The Amberley Village Police & Fire Department will host a Distracted Driving Traffic Safety Event at the Amberley Village Municipal Building at 7149 Ridge Road on Sunday, October 27, 2019 from 10:00 a.m. to 2:00 p.m.  The event is open to the public, and is  especially valuable for experienced drivers, although everyone can benefit.  In a recent study, more than 76% of Americans say they are good drivers.  But clearly there is an overconfidence bias that develops with increased experience, as 93% of Americans admit to unsafe driving behavior.

The study, which was conducted by insurance provider Esurance, showed that distracted driving as a category was the second-leading cause of automobile fatalities by common unsafe driving behaviors, including changing the radio or navigation, eating and texting.

Amberley Village invites everyone to experience the Distracted Driving Simulator, which gives a virtual reality experience in a safe 3-D setting.  See first-hand the potentially deadly consequences of glancing at your phone, talking, or texting while driving.   The Simulator replicates the interior of a car, complete with a steering wheel, pedals and an on-screen “dash” display (see graphic, right).  Participants must be 15 years old or older to use the simulator.  Reservations are recommended at: https://www.signupgenius.com/go/avsimulator; however, limited space will be reserved for walk in participants.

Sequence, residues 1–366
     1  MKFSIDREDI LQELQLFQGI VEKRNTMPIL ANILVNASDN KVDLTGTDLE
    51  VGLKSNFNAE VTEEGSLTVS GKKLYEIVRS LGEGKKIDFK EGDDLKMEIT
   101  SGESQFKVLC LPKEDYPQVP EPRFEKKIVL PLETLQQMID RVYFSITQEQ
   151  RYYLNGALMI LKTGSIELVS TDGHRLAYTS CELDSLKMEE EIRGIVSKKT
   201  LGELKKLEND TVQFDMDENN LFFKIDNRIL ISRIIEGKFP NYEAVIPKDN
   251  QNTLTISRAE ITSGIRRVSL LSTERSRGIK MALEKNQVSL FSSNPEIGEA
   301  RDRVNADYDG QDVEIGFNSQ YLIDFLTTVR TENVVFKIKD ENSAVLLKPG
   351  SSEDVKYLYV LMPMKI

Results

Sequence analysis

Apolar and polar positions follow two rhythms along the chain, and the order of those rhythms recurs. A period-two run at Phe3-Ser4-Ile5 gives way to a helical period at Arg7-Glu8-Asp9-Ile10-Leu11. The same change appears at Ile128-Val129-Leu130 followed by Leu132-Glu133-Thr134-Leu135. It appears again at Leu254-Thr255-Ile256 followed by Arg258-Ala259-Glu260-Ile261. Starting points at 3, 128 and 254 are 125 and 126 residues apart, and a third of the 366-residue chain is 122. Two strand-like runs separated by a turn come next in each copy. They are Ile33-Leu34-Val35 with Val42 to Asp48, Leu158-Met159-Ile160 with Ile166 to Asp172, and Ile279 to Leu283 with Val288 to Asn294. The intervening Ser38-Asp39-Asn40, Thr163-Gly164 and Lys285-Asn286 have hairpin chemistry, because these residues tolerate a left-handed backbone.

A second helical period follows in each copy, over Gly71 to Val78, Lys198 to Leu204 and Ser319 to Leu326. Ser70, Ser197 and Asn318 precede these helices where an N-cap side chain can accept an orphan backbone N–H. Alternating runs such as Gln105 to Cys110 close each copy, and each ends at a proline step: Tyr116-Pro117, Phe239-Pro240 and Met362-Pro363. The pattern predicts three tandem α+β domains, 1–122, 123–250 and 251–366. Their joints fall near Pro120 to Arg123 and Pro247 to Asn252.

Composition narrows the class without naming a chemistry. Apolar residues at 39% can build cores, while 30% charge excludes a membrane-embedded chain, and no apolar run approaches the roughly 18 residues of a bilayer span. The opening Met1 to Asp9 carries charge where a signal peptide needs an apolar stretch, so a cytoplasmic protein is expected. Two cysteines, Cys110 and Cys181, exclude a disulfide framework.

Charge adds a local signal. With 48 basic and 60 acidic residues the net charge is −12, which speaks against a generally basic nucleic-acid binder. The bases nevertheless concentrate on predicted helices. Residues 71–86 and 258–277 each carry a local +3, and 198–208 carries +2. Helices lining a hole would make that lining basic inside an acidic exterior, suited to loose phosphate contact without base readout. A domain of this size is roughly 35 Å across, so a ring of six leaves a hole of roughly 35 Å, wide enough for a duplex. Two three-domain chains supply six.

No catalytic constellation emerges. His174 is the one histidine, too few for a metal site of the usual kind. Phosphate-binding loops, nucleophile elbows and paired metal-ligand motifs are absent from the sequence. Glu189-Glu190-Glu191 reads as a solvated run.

What Is Distracted Driving?

Distracted driving is any activity that diverts attention from driving, including talking or texting on your phone, eating and drinking, talking to people in your vehicle, fiddling with the stereo, entertainment or navigation system—anything that takes your attention away from the task of safe driving.  Texting is the most alarming distraction. Sending or reading a text takes your eyes off the road for five seconds. At 55 mph, that’s like driving the length of an entire football field with your eyes closed.  You cannot drive safely unless the task of driving has your full attention. Any non-driving activity you engage in is a potential distraction and increases your risk of crashing.